Government’S bilharzia and intestinal worm drug administering campaign, which was launched last week, failed to yield maximum results owing to acute drug shortages. Director of Disease Control in the Ministry of Health and Child Welfare Dr Portia Manangazira said in an interview on Monday
that some ground had been covered. She said much progress had been hindered by the shortage of the bilharzia drug. “We have encountered shortages of the drug Praziquantel and are still waiting for a few more supplies from our partners Unicef and this has hindered meaningful progress,” said Dr Manangazira.
“We started without adequate drugs but were hoping that our partners would quickly chip in but this has not been so.” Dr Manangazira said Government had its best, but the challenges were overwhelming.
“We have also encountered logistical challenges since we were working together with the Ministry of Education, Sport, Arts and Culture.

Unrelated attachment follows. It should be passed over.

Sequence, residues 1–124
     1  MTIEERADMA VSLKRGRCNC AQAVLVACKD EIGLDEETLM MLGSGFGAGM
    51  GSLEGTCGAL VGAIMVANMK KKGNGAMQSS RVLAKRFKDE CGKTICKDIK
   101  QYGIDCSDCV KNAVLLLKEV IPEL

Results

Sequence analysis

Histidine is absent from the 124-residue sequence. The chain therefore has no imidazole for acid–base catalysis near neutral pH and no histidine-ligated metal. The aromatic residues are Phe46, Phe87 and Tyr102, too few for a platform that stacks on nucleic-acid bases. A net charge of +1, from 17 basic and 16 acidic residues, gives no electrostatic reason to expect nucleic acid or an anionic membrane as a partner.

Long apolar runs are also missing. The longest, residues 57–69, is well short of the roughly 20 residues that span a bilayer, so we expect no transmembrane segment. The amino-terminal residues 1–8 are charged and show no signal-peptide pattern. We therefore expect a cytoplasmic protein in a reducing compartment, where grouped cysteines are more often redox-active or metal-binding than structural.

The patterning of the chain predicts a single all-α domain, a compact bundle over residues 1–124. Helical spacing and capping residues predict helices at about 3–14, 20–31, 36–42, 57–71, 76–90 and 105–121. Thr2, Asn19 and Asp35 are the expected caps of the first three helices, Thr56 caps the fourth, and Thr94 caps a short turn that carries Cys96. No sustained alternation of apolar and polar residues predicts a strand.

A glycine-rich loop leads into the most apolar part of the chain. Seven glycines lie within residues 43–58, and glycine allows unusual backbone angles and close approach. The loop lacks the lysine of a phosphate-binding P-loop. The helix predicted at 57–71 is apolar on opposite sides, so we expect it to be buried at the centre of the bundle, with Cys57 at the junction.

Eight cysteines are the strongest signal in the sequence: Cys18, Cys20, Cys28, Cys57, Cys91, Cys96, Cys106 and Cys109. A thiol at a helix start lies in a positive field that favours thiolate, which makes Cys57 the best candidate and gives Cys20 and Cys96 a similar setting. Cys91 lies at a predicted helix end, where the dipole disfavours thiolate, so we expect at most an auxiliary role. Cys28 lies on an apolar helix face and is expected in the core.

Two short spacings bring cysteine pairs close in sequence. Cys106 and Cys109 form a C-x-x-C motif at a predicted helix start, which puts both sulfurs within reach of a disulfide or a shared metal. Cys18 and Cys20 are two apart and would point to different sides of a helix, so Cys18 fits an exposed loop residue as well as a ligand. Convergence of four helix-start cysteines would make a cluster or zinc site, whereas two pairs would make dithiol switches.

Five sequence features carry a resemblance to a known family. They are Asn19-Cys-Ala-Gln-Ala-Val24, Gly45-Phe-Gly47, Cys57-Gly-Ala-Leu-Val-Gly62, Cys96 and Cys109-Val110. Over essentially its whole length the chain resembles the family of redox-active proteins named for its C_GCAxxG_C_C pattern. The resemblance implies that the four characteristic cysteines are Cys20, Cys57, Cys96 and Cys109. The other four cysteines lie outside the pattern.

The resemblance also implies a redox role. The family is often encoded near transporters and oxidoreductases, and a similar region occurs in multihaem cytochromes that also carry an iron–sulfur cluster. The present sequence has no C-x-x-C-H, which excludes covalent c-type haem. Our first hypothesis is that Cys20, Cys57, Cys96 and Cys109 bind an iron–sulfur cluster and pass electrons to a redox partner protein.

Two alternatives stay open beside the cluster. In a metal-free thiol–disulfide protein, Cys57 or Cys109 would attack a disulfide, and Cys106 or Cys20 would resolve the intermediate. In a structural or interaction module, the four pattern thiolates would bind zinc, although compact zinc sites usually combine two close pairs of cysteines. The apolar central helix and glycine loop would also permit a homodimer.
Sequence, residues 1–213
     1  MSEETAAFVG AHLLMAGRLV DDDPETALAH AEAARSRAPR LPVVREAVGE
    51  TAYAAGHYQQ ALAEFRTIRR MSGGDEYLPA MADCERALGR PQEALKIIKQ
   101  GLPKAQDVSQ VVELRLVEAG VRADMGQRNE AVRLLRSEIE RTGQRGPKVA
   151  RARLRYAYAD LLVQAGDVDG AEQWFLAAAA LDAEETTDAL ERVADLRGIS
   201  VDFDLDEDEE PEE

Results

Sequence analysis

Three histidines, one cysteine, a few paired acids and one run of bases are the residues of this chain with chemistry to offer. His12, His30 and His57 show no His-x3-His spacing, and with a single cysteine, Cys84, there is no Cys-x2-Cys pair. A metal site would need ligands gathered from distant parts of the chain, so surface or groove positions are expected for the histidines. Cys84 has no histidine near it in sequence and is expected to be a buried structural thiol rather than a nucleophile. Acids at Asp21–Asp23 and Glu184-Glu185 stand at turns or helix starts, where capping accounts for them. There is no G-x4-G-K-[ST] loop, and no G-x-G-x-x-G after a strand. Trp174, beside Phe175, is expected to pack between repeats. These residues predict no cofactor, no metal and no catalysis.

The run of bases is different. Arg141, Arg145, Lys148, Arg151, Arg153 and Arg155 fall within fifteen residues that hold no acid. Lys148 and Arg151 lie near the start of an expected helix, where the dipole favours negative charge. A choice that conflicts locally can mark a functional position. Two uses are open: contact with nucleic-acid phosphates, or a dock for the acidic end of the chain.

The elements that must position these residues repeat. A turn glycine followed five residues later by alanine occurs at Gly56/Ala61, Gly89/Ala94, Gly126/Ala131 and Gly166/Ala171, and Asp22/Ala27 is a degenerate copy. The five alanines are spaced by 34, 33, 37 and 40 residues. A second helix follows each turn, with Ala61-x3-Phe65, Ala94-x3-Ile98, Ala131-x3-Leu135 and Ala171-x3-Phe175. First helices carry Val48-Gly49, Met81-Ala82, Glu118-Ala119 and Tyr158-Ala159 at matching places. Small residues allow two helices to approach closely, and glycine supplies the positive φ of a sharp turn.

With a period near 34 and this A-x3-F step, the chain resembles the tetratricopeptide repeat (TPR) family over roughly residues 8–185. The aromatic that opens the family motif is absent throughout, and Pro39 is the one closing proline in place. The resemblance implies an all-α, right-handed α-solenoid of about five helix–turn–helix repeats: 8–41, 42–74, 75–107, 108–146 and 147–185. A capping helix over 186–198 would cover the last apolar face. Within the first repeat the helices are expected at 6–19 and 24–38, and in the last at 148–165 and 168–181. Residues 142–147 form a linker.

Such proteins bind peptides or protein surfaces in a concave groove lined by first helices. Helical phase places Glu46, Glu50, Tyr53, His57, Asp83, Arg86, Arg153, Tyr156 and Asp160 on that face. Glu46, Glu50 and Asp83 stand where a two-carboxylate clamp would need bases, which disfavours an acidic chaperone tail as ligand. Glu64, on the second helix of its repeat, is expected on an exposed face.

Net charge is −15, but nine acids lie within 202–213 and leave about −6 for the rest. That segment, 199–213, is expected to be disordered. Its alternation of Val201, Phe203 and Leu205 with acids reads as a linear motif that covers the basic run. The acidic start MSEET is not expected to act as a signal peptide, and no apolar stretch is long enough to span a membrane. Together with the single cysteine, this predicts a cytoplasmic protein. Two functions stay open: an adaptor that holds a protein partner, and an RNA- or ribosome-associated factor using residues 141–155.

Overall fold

“Other provinces like Mashonaland West are also lagging behind, but we are hoping they will quickly catch up.”
Dr Manangazira said provinces like Mashonaland Central and Mashonaland East were operating according to plan and had recorded an overwhelming turnout.
The five-day exercise sought to give free treatment for bilharzia and intestinal worms and equip health institutions with supplies and manpower to deal with such cases. Bilharzia is a chronic illness usually found in wet regions. In Zimbabwe, Chikomba District is the most affected with a prevalence rate of 60 percent.